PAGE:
So you see, now that you understand the origin of that little square of confection that we call chocolate, you can understand that somewhere in there, there is an actual natural source... the Cacau bean!  And that is what we will refer to when we talk about the health benefits.  The darker the chocolate, the closer it is to its natural state, and the better it is for you.

     Flavonoids -

     Flavonoids (a type of polyphenol) are found in abundant supply in many plants, including Cacau, in its original form.  They act to protect the plant from environmental toxins as well as repair damage to it.  When we consume these flavonoids, they have "anti-oxidant powers" for us.  Anti-oxidants are believed to have the ability to help the cells in our bloodstream destroy free radicals.  Free radicals are the cells that are formed by contaminants in our environment like cigarette smoke and other toxins.  This free radical damage has the potential to increase LDL-cholesterol oxidation and plaque formation on the arterial walls.

     Preliminary research has also shown that eating chocolate may reduce blood clotting, promote the relaxation of blood vessels, which in turn can lower blood pressure.  The same polyphenols that have anti-oxidant powers, reduce the stickiness of platelets, cells that play an important role in blood clotting.  This means that the blood will take longer to clot, which reduces the risk of coronary artery blockages.

     There are several processes that the cocoa bean goes through to reduce its naturally pungent taste, to become the actual chocolate product that we've come to know and love.  Flavonoids are what provide the pungent taste.  Consequently, flavonoids are what get minimized throughout the processes.   The usual steps in the processing are:

  • fermentaion
  • drying
  • roasting
  • alkalizing
  • conching

     Just to repeat, if you want the healthy "anti-oxidant powers" in your chocolate, you'll want to opt for the less-processed, more bitter versions, like cocoa powder and dark chocolate.

     Today's scientific minds are working on this as we speak.   The race is on to come up with ways to reduce the destruction of these beneficial flavonoids throughout the candy making process, while balancing it with the best flavor possible.  Soon you will see more and more companies coming out with a 'healthier' chocolate, one that has more flavonoids left intact, along with the great taste. 


     Other Healthy Benefits

     Compounds in chocolate also increase the release of mood-affecting chemicals, including serotonin, endorphins and phenylethylamine, similar to those released during exercise or romance.  The phenylethylamine increases the heartbeat and releases feelings of well-being.  Feelings of cheerfulness are also brought about by the distribution of serotonin, dopamine and noradrenaline.

      Chocolate contains many important nutrients such as potassium, magnesium and vitamins D, E, B1 and B2.  It's documented properties and actions include antiseptic, diuretic, emmenagogueue, parasiticide, vulnerary.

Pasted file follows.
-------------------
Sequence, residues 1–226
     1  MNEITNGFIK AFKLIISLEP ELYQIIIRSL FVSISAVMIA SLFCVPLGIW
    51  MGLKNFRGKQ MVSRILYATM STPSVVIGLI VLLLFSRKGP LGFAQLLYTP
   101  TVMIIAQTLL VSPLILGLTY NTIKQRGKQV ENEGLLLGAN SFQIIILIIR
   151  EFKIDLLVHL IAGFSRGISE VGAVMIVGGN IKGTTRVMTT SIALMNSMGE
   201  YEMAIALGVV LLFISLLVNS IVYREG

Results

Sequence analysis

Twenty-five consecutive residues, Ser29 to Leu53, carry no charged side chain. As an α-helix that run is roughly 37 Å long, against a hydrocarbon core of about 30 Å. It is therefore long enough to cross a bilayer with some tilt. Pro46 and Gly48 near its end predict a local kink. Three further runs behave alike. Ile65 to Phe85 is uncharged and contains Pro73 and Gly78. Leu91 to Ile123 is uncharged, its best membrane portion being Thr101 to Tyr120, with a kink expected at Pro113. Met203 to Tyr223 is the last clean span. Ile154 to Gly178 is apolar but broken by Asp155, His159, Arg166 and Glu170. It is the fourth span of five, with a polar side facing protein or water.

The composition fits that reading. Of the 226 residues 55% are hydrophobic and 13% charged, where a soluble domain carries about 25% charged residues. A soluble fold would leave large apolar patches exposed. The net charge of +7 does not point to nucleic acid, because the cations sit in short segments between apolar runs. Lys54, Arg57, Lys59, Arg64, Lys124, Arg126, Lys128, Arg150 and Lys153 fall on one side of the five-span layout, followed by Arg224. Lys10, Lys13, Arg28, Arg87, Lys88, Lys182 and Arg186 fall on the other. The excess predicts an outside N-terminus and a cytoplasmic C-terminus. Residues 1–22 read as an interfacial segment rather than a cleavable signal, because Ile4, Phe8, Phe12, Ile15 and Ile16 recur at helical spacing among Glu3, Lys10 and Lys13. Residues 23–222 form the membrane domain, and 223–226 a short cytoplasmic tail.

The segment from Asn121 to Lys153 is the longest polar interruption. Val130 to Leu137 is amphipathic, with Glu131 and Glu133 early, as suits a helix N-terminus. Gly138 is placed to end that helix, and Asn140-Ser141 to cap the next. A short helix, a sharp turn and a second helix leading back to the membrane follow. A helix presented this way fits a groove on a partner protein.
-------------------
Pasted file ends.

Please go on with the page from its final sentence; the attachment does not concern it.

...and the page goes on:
It has been reported that the cocoa butter in chocolate helps to coat the teeth to prevent plaque buildup prevent the bacteria from decaying the teeth.

     Chocolate does contain a slight amount of caffeine, but not as much as most people believe.  You'd need to eat 12 bars of chocolate to equal one cup of coffee.  It also contains theobromine and theophylline, which is used in modern medicine as an antiasthmatic for their stimulating properties.


In Conclusion

     I guess what we've learned here is twofold.  Is chocolate completely healthy?  Well, I guess the answer lies in what form you are talking about.  The sugary-sweet milk chocolate bar is so laden with questionable ingredients, that I doubt anyone would tell you that it could be called a "health bar".  But if you are talking about the Cacau fruit that is plucked fresh from the tree, eaten fresh while walking through the jungle, yes, it could be considered a delectable healthy food.  Oh, but just like that chocolate truffle... don't eat too much, or you might get sick.  At least that's what I've been told. ;-)




My tip for healthy hot chocolate:

Rather than buying the already-made version from your grocery store.  Heat some soy milk in a pan, when its very warm, add some unsweetened Cocoa powder (find organically grown at your healthfood store), mix well and then add honey to sweeten, mix and serve. Mmmmmm!






Interesting Reading... "Fair Trade Chocolate - A Thoughtful Luxury"  by Alicia Lundquist Guy

Resources:  Database with complete description of Theobroma cacao - Great photos of the tree with its fruits  Special Anti-aging Chocolate - Save on Foods by Patricia Chuey, M.Sc., RDN  Advice column at the Dr. Andrew Weil web site  Stuffed Chocolate


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All views expressed in the articles on the "All Natural Info" page are those of the various authors, they are presented here for your enjoyment and enlightenment.